READER COMMENTS ON "FEAR IS COWARDICE"

Tim, I thought you might enjoy the response from one of the folks in the field after forwarding your newsletter.

"Did you know that we celebrate the Defeat of Jesse James Days in my hometown of Northfield, MN.   We did not capture or kill him, but the townspeople defeated his gang of thugs when they tried to rob the First National Bank.  There are more twists and turns to the story of why they chose Northfield, but I will have to save that for some other time.   I recently attended that celebration as it is always the first weekend after Labor Day.   It happened back in 1856 and you can still see bullet holes in the buildings."

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I am so glad to see this article address the bullying that is becoming far too common in the work place under the guise of "safety". I have been in the safety field for 15 years and watched companies go from not mentioning safety to employees at all, to beating them in the head with how safety is their responsibility and not management's. I find this wrenching. So many times I have come across employees who have a safety concern, but will not mention it to the supervisor because they will get in trouble. They hide injuries so they do not get written up or fired. This "safety culture" seems to have become more prevalent during the past several years of economic hard times. "You're should be glad you have a job!" Right?? Not at the expense of an employee's safety!

A few months ago I interviewed for a safety position. When asked "How do you plan to get employees to work safely?" I answered with safety awareness, training, and getting feedback from employees regarding what the company could feasibly do make it safer. I got blank looks and bored stares. "Well, what about discipline? If they can't work safely they don't need to be here." True IF the proper training and hazard prevention is in place, but not a replacement for management doing their job in providing a safe workplace. Safety is not about working AROUND the hazards.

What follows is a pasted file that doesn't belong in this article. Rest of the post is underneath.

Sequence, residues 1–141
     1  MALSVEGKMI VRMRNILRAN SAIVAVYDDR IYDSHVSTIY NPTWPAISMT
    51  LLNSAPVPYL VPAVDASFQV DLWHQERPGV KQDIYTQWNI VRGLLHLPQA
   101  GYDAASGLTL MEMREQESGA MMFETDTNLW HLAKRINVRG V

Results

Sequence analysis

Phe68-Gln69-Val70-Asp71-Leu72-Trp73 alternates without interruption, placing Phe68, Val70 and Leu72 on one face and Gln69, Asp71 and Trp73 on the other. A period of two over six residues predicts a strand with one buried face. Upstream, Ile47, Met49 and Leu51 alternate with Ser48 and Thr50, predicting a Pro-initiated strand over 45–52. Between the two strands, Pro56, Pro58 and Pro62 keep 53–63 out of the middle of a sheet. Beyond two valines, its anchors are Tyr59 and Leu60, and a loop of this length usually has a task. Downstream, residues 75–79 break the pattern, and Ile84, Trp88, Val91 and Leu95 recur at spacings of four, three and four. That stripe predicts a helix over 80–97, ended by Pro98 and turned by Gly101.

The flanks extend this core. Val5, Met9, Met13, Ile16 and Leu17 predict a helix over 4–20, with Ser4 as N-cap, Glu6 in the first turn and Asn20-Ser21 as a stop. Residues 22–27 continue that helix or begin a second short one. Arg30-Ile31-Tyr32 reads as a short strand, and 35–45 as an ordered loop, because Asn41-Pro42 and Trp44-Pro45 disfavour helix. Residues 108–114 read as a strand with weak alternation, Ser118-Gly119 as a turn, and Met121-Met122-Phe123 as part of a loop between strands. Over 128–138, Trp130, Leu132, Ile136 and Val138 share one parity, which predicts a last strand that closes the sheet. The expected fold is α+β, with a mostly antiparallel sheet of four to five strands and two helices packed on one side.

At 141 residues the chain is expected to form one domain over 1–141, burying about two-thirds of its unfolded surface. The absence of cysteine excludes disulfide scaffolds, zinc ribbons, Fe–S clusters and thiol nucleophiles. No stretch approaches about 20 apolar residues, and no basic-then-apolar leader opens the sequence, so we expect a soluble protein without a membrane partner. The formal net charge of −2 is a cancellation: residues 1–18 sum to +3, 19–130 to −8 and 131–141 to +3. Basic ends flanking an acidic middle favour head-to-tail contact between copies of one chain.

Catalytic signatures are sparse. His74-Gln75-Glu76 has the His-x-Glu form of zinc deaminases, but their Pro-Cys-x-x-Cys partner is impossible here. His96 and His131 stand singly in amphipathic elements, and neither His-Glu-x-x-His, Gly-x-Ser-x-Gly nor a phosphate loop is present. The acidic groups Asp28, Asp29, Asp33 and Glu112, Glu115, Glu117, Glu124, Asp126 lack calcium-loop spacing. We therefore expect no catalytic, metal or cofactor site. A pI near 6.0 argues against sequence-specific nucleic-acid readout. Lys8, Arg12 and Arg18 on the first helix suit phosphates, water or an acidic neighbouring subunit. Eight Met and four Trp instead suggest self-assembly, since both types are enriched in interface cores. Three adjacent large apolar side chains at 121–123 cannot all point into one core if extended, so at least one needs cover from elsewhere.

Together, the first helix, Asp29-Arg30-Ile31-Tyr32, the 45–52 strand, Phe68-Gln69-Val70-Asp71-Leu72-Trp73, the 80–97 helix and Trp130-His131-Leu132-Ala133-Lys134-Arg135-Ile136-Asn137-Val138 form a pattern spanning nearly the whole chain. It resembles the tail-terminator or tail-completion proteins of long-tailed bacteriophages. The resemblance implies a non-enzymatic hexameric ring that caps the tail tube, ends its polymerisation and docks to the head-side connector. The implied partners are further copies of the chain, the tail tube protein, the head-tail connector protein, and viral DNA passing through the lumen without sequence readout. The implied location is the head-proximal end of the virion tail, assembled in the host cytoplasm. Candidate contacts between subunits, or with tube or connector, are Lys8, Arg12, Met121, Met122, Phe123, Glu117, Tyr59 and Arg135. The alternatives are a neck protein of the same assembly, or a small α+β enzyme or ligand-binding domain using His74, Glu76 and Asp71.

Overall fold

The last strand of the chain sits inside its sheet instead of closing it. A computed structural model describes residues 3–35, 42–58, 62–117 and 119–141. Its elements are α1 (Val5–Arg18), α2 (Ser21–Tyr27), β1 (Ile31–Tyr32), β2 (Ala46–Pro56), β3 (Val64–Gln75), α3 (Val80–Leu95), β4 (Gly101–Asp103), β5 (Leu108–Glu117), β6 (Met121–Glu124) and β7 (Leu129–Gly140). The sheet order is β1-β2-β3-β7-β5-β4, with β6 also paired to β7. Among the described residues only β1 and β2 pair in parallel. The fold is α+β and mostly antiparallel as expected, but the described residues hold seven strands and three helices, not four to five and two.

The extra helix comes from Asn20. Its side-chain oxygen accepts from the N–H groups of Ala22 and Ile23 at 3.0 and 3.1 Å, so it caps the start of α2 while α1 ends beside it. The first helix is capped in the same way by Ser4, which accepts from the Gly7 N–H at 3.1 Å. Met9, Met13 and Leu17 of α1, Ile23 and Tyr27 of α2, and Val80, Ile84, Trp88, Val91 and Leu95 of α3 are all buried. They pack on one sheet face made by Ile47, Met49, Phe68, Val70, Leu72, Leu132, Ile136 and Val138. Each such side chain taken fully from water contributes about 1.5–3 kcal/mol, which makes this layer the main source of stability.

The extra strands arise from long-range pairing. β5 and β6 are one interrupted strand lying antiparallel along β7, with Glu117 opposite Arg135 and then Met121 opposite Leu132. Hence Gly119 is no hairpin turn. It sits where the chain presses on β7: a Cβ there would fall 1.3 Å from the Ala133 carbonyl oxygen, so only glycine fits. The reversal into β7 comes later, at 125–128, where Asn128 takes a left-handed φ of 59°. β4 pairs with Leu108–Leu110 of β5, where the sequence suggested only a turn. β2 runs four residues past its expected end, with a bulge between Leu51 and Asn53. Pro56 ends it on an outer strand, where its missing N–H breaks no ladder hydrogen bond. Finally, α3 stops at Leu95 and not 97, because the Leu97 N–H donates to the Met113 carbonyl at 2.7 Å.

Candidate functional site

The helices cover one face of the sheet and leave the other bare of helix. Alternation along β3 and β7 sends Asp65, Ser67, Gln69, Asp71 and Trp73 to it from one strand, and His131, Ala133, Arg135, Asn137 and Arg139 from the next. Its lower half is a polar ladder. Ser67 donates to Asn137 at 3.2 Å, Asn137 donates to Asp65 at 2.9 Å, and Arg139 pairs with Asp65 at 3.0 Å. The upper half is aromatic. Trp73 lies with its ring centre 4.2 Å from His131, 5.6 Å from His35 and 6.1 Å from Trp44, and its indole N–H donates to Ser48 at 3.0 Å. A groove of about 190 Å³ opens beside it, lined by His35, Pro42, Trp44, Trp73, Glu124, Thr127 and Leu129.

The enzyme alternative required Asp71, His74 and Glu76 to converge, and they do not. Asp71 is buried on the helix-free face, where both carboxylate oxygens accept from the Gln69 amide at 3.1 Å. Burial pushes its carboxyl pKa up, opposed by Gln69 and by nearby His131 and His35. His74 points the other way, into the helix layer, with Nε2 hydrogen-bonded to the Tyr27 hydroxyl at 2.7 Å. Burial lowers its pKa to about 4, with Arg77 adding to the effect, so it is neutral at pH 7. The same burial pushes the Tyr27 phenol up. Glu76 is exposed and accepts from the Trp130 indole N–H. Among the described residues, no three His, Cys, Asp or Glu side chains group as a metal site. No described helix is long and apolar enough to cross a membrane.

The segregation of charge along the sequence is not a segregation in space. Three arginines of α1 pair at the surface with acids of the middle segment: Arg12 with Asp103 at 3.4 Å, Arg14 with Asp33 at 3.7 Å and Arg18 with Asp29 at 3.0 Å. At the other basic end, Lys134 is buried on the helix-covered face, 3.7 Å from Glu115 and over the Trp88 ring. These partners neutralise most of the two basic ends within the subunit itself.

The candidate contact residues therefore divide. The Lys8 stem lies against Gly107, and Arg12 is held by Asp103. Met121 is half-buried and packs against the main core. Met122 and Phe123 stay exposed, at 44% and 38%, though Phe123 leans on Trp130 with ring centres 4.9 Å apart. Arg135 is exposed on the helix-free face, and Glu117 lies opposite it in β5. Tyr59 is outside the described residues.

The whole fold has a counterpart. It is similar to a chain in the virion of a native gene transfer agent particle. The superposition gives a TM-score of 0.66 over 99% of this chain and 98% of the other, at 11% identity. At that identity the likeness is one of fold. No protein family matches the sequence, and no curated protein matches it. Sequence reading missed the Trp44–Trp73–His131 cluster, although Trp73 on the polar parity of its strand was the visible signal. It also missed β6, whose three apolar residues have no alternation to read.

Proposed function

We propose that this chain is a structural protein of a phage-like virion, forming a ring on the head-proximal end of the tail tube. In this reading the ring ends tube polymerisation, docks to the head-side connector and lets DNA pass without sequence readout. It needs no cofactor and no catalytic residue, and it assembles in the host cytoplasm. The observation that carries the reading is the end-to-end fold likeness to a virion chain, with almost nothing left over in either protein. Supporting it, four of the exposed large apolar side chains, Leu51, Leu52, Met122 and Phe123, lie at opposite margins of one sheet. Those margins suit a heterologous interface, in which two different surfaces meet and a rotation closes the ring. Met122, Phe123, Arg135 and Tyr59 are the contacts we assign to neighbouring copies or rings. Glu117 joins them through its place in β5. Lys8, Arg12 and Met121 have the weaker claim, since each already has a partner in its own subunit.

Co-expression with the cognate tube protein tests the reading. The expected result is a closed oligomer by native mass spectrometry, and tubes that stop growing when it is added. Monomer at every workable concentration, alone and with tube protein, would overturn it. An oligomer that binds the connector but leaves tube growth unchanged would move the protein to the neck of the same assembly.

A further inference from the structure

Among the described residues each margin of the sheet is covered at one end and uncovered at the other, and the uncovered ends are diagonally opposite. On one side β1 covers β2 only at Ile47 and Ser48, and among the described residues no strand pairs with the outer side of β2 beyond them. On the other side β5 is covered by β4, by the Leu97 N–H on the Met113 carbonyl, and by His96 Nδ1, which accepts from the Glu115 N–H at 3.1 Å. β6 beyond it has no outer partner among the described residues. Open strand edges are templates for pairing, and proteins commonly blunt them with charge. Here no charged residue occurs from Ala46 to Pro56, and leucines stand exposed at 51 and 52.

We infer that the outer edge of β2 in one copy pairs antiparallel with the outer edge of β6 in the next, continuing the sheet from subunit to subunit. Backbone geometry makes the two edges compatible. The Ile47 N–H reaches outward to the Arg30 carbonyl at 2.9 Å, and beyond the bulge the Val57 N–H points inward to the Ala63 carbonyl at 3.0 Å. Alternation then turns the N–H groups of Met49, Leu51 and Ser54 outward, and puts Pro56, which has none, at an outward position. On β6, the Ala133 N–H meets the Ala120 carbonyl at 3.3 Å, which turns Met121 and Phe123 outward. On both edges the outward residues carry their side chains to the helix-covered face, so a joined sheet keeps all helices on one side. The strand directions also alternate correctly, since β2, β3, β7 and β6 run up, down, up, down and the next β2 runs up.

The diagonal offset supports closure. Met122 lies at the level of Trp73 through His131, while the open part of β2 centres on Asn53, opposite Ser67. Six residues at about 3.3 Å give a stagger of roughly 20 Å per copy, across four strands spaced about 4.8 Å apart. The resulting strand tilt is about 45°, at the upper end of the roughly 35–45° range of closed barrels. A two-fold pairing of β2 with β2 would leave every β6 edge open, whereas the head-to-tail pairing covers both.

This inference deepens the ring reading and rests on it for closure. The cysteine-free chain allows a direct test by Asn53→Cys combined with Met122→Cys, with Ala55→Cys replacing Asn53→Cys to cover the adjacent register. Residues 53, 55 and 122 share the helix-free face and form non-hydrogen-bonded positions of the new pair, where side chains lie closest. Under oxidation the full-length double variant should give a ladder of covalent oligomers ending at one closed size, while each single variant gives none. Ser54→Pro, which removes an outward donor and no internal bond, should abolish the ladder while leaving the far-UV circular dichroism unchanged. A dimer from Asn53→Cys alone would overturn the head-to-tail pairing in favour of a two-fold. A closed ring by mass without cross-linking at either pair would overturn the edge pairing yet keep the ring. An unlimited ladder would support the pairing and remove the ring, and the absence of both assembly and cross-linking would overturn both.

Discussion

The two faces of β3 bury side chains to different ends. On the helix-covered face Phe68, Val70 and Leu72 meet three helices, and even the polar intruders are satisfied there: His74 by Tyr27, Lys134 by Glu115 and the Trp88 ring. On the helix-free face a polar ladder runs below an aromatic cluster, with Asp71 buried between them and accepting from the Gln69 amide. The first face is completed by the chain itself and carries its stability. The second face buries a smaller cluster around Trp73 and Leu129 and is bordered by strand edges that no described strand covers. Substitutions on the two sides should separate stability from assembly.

Posted by Linda Tuhacek

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Cynthia Laux • We don't have a problem with people reporting getting hurt. It is the one that doesn't report or report accurately. We will not fire over the reporting of an accident. There are too many people (and companies) who still believe that is the correct way. I want employees to come to me with a safety concern. I do not know everything and these are the people that run the equipment. Saying that however, if they are doing dangerous acts such as not LO/TOi to a piece of equipment they have been trained on, that is a different story. Or not wearing safety glasses on the production floor. They are trained from the day they start on such items. It is not bullying to require employee to follow their employer's safety rules. If they are bypassing the company's safety policy or do not like the policies in place, they have a right to self-terminate or be terminated by their employer. Safety is an equal responsiblity of employers and employees. I watch employees on a daily basis who believe they are above the rules but I have also seen employers with the same mind set of being above having to do what is best for their employees.